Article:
From equal shared parenting to best interests: A guide for parents

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Family law changes impact parenting matters not yet finalised and future arrangements for the children.
Australia Family and Matrimonial
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Family law in Australia is undergoing significant changes effective from 6 May 2024. These changes will impact parenting matters that are not finalised by this date, as well as future arrangements concerning children. It will not apply to matters where a final hearing has commenced by this date.

This is relevant information to assist parents and caregivers in understanding the changes.

Parenting Arrangements Post-Separation

Many parents manage to work out their own arrangements post-separation. However, in instances where agreement can't be reached, parties may seek parenting orders from the Family Court (Federal Circuit and Family Court of Australia or FCFCOA). These orders address matters such as the child's time with each parent and decision-making on significant, long-term issues.

In children's matters the Family Court's priority is to always act in the best interests of the child.

Key Changes to How Parenting Orders are Determined

The Family Law Amendment Act 2023 introduces new criteria that the court must consider in determining what is in the best interests of the child. Notably the presumption of equal shared parenting has now been removed following the findings of a report that found that unrepresented parties believed they were required to enter into equal shared care arrangements.

The criteria for determining what is in the best interests of the child now include:

Safety of the Child: Consideration of any history of family violence and relevant orders.

Child's Views: Taking into account the child's own perspectives.

Developmental Needs: Assessing the child's developmental, psychological, emotional, and cultural needs.

Parental Capacity: Evaluating each parent's ability to meet the child's needs.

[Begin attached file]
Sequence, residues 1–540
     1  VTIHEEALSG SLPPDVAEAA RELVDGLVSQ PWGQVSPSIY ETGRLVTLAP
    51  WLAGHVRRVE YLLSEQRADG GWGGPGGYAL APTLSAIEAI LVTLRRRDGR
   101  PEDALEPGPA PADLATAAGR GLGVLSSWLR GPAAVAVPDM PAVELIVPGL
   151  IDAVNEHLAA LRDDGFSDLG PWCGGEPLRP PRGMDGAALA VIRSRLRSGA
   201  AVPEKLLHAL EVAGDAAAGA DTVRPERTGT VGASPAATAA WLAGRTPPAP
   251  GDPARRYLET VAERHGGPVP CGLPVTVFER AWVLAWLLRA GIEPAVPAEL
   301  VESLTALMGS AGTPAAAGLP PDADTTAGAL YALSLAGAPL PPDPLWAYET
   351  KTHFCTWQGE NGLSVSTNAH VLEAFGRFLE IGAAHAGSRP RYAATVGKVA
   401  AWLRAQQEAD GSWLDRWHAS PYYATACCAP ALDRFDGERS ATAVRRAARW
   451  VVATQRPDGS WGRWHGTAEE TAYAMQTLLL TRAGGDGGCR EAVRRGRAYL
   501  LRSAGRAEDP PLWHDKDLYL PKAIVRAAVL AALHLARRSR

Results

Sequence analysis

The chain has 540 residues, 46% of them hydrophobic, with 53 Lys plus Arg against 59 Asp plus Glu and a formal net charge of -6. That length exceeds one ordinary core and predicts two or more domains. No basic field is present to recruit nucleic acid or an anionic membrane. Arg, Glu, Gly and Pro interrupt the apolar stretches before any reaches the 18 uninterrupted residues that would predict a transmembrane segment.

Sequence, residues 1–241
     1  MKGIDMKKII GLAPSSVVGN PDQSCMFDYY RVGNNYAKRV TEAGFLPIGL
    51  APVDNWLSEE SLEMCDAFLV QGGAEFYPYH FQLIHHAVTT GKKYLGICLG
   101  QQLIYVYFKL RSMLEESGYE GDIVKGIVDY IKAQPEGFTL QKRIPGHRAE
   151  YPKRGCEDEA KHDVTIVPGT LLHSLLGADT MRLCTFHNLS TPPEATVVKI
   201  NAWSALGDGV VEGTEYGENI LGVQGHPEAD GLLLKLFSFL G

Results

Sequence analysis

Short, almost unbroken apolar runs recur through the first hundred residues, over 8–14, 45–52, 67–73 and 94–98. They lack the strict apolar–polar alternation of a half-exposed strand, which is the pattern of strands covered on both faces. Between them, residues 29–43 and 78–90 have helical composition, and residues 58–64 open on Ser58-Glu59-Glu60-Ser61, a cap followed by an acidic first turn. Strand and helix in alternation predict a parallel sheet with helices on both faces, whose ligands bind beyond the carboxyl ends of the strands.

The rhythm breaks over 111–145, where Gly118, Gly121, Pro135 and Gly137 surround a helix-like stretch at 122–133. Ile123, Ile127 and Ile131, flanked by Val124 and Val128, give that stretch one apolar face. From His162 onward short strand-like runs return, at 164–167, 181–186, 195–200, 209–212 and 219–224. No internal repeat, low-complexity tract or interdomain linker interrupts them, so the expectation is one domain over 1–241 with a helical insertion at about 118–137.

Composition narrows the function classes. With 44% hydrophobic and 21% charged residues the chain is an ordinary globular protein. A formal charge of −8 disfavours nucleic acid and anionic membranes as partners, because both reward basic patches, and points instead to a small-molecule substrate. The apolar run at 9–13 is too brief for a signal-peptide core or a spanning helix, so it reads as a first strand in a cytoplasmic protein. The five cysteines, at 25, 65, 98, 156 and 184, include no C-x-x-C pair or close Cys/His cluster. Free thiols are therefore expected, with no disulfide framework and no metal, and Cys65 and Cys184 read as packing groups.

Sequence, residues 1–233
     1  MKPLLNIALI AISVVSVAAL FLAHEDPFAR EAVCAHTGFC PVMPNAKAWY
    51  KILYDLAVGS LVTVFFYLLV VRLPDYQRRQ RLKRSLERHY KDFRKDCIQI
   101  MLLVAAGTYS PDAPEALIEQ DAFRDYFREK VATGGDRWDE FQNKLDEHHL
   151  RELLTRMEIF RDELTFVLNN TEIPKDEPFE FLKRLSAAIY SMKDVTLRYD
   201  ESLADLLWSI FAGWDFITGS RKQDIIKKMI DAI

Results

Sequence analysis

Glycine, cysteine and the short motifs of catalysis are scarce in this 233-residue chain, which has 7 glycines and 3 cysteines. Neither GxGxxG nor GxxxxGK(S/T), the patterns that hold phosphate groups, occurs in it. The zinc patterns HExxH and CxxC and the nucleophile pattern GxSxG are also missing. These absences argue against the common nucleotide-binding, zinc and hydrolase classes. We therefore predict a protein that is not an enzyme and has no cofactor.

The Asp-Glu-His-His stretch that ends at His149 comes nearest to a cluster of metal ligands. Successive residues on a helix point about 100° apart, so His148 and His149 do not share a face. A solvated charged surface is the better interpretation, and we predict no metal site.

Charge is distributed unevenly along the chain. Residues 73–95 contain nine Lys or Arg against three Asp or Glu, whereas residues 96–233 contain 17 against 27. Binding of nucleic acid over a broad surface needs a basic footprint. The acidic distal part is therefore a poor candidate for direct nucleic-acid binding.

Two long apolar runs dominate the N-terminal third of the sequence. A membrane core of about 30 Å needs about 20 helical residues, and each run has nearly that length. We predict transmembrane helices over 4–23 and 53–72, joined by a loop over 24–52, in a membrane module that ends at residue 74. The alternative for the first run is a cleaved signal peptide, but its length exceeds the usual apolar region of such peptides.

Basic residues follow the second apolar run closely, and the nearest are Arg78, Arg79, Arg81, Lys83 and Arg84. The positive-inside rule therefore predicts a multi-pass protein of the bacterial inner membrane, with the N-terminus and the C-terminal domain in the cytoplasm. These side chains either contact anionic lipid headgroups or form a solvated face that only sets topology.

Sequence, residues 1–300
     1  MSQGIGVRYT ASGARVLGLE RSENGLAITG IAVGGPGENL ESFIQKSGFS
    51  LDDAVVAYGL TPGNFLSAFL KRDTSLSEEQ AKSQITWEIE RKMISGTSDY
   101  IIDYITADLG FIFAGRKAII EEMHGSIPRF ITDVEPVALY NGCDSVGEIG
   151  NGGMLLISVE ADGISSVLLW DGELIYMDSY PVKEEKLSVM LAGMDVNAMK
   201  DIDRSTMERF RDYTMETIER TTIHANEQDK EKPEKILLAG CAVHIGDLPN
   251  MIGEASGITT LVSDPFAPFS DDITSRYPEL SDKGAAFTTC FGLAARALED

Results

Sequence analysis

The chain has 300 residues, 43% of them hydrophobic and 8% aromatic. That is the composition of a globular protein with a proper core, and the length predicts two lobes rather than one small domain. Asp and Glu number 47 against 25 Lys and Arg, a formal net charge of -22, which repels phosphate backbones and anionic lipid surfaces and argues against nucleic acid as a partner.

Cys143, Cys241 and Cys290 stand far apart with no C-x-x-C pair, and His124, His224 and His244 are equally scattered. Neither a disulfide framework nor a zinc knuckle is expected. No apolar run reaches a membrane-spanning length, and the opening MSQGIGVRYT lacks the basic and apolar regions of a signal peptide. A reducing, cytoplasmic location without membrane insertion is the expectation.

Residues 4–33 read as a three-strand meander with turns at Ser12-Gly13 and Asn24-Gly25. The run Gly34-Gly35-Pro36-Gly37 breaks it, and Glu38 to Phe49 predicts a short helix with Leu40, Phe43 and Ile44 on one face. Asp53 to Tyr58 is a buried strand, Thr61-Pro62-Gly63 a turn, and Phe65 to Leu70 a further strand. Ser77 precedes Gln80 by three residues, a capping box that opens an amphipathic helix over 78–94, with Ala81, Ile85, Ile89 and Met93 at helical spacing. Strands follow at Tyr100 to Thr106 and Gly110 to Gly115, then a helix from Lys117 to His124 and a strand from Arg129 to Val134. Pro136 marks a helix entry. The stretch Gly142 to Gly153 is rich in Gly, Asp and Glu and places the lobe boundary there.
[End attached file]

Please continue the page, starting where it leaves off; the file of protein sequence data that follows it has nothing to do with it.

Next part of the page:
Beneficial Relationships: The importance of the child maintaining relationships with parents and other significant individuals (e.g., grandparents, siblings).

Other considerations: any other circumstances that are relevant to the child.

Cultural Connection: For Aboriginal and/or Torres Strait Islander children, how the arrangements support their cultural experiences.

In instances where there are safety concerns the court must also consider:

(a) any history of family violence, abuse or neglect involving the child or a person caring for the child (whether or not the person had parental responsibility for the child); and

(b) any family violence order that applies or has applied to the child or a member of the child's family.

Clarification on joint decision making

If there are no Court orders dealing with "parental responsibility", each parent has parental responsibility for their child, and the amendments say that, if it is safe to do so, parents of a child are encouraged to consult with each other about major long-term issues concerning the child, and take into account the best interests of the child.

The Court can make an order saying that there is joint or sole decision-making responsibility for major long-term issues, or can allocate responsibility between the parents for certain decisions.

If the court makes an order for joint decision-making about long-term issues relating to a child, usually the order will require each parent to consult with each other in relation to each decision, and make a genuine effort to make a joint decision.

It should be noted that, for clarity, this section does not require third parties (e.g. schools/doctors) to verify whether a decision has been jointly made before acting on a decision about the child communicated by one of the responsible persons.

Scope of consultation on non-major long-term issues

In situations where a child is under the care of a particular person due to a parenting order, the order generally does not require that person to consult with others who have parental responsibility when making immediate, non-major decisions about the child during that period. This typically includes decisions about daily activities and needs like what the child eats or wears.

These requirements generally apply unless an order specifies differently.

Implications for Time Spent With Children

The new law does not entitle parents to equal time, although this can be if the parents agree, but focuses on arrangements that best serve the individual child's interests.

Amending Final Parenting Orders

Under the new law, to modify existing parenting orders, the court must find a significant change in circumstances and that the amendment would serve the child's best interests. Without these criteria being met, existing orders cannot be altered without mutual agreement.

If you believe that your existing orders are not in the best interest of your child and you wish to review them, we can provide considered advice to parents.

Effect on Existing Orders

The new law does not automatically alter existing parenting orders. Those with orders in place should continue to adhere to them until any amendments or new orders are made by the court.

How our family law team can assist

These changes reflect a change in the decision-making approach by the family court to prioritise the needs and safety of children in family law matters. For detailed advice specific to your situation, please consult with one of our family lawyers.

The content of this article is intended to provide a general guide to the subject matter. Specialist advice should be sought about your specific circumstances.

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